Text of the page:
Sorrow and shock in Germany after Jehovah’s Witness hall shooting | News

Sorrow and shock in Germany after Jehovah’s Witness hall shooting | News

Berlin – Sorrow, solidarity and shock are among the sentiments being expressed in Germany as the country adjusts to a mass shooting where seven people died in a Jehovah’s Witness place of worship in Hamburg.

Several other people remain in critical condition after a gunman opened fire with a semiautomatic pistol in the worship hall around 9 pm local time on Thursday.

Authorities have identified the assailant as Philipp F, a 35-year-old former member of the Jehovah’s Witnesses community who reportedly left the group about 18 months ago on bad terms. After the shootings, the gunman died of a self-inflicted gunshot wound.

Hamburg Mayor Peter Tschentscher described the news as “devastating” while German Chancellor Olaf Scholz said at the scene of the attack that he had been left “speechless” by the incident.

Outside of Hamburg, people across Germany were shocked and saddened by the news.

Osman Oers is a founding member and imam at House of One, a faith center currently under construction in the German capital of Berlin that will be a shared religious site between Jewish, Muslim and Christian faith groups.

“All of us at House of One regret all the deaths in the community of Jehovah’s Witnesses in Hamburg,” Oers told Al Jazeera. “We – Jews, Christians and Muslims in the House of One – feel for them and include them in our prayers. I wish the bereaved families and all those who witnessed this terrible event a lot of strength and patience to overcome this horror.

Daniel Egbe, a chemistry professor, said the mass shooting was “a shocking event for Germany”.

“My first thought was that this was a racially motivated attack, which unfortunately Germany has experienced many times before, so I was very shocked to hear that it was within a religious community ,” said Egbe, who is also the founder of migrant. -focused organization African Network for Solar Energy in Halle, central-eastern Germany.

Flowers and candles
Flowers and candles are pictured at the scene where many people were killed in a shooting at a church in Hamburg, northern Germany [File: Axel Heimken/AFP]

Growing calls for better measures on gun ownership

According to media reports, authorities gave Philipp F the all-clear last month after they were anonymously told that he was exhibiting disruptive behavior and bringing bad feelings to the community. After police conducted an unannounced search of his home on February 7, they found no signs of mental illness and allowed him to keep his gun after being satisfied it was properly stored.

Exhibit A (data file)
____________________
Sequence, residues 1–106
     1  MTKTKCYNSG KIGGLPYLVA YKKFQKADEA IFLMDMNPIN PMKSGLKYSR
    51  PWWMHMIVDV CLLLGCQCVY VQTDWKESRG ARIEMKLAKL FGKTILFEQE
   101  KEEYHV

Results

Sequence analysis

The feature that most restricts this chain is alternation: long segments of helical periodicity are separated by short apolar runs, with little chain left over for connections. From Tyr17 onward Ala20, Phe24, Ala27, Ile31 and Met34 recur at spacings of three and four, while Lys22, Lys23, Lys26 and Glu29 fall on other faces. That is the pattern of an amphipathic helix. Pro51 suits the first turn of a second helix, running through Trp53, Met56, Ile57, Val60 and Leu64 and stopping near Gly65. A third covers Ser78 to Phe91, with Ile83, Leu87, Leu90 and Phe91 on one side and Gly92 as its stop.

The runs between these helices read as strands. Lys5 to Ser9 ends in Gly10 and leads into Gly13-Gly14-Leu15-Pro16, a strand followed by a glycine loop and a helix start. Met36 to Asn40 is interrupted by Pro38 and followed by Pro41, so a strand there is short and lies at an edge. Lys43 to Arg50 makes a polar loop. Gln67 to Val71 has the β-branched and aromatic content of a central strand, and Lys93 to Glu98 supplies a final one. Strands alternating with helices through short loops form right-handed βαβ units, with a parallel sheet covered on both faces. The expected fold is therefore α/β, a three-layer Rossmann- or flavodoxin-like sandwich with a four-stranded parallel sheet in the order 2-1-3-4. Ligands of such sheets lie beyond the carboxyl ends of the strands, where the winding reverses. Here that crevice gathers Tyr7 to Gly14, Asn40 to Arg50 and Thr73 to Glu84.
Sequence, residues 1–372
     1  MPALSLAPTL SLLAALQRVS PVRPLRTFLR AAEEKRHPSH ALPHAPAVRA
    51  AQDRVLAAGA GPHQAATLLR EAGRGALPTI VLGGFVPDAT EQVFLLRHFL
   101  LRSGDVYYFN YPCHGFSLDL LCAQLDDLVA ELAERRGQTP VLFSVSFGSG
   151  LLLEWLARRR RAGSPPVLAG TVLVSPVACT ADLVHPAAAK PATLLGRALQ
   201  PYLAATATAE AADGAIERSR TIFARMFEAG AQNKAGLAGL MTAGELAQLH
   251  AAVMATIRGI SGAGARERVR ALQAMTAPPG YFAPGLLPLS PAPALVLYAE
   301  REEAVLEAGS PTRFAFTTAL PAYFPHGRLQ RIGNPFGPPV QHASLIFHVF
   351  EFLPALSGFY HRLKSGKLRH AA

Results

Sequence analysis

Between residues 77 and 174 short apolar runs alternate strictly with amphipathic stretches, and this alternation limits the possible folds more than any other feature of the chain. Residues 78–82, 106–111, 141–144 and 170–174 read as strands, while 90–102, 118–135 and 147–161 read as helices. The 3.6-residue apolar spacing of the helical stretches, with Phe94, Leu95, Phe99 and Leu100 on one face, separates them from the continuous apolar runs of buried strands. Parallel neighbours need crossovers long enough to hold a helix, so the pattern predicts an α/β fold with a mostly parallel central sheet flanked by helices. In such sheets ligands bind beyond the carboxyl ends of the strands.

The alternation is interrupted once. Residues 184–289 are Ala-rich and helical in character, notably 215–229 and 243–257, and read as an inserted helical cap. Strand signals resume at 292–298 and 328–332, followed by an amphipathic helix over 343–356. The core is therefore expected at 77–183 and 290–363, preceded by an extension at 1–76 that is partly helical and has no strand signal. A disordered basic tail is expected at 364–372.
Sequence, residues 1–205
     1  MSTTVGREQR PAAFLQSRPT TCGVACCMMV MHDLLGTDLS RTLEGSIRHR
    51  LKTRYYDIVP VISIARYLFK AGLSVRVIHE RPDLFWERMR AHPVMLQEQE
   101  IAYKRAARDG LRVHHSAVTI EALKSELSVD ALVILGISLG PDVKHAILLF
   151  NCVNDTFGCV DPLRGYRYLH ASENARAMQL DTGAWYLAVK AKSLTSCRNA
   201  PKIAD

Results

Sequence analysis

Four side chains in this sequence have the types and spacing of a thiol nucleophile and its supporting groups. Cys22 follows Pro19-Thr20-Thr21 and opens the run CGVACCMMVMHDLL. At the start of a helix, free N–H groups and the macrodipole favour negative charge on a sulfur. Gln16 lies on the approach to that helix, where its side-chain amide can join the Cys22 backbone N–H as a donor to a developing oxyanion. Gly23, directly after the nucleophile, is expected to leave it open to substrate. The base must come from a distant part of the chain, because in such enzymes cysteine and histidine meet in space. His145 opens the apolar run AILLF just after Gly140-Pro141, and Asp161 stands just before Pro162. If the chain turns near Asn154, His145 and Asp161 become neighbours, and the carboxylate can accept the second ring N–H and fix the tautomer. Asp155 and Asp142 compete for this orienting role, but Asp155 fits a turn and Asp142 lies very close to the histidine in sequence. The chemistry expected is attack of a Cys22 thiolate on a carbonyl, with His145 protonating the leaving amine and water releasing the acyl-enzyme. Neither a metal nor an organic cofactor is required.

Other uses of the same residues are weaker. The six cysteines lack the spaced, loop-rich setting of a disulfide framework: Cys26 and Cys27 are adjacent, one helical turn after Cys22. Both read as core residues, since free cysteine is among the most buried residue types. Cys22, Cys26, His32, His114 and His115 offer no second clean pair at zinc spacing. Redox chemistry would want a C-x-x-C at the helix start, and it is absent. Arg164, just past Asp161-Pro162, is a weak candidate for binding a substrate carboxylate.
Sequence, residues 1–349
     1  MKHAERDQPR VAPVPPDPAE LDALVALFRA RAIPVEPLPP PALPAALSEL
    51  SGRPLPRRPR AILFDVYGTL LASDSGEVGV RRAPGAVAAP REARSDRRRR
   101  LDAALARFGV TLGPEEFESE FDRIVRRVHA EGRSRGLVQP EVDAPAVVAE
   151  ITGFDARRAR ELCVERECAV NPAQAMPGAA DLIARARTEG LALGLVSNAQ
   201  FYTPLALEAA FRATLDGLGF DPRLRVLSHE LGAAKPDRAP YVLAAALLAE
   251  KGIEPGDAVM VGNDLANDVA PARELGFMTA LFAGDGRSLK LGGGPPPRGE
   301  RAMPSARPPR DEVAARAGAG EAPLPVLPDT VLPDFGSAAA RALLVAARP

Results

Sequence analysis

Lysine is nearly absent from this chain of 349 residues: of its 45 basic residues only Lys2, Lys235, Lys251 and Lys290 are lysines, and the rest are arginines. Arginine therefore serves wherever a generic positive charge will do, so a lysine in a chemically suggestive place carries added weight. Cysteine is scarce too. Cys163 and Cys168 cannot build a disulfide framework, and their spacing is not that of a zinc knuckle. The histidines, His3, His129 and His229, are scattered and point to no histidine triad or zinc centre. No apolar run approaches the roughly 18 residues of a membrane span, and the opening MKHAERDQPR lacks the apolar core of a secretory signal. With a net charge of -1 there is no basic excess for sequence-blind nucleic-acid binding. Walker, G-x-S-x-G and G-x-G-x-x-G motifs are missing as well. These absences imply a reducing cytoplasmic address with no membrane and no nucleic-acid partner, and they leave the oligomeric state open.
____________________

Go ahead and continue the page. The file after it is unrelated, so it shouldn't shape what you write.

In Germany, it is legal for people aged 18 or over with no criminal history to obtain a permit to own a firearm if they meet certain legal requirements. Official figures show that there are more than 940,000 registered private gun owners in Germany, many of whom are sport shooters or hunters.

The latest shooting has increased pressure on the government to introduce stronger background checks and tighten measures on gun ownership, an issue that has been on the agenda following a series of incidents involving firearms in the past. which is several years.

In December, illegal guns were among weapons found in raids carried out on members of a far-right group suspected of trying to overthrow the German government.

Two years earlier, in February 2020, a far-right extremist killed 10 non-white Germans and wounded five others in the central city of Hanau, in what was considered one of the country’s worst attacks in recent years.

The events in Hanau follow the death of two people in a synagogue in Halle who were shot by a far-right extremist on the Jewish holiday of Yom Kippur. That same year, politician Walter Luebcke was shot at point-blank range outside his home in central Germany by a man with far-right links who has since been jailed for life.

There is much more to be done

In light of this latest instance of gun violence, some believe more needs to be done to address gun ownership in Germany.

Nataly Jung-Hwa Han, chairwoman of the Korea Verband, a Korea-German intercultural organization based in Berlin, told Al Jazeera that Thursday’s tragedy is not something you expect to happen in the country.

“I was surprised by the news because we are used to hearing about shootings like this happening in the US, not in Germany,” he said. “But the incident shows that there is still an issue with guns being misused in the country and I don’t understand why more isn’t being done to stop guns falling into the wrong hands.

“The government should work to control gun ownership in the country and protect innocent lives from loss of gun violence,” he added.

For Egbe, the chemistry professor, more restrictions need to be put in place to monitor gun owners.

“The psychological stability of a potential gun owner should be assessed because we don’t want to end up in the situation that we see happening so often in America,” he said.

For Oers, the imam in Berlin, the incident further highlighted the dangers facing religious communities.

“We were all deeply shaken by the violent uprising in Hamburg. The attack once again illustrates that more attention must be paid to the protection and security of religious communities in Europe. Awareness should also be raised here,” he said.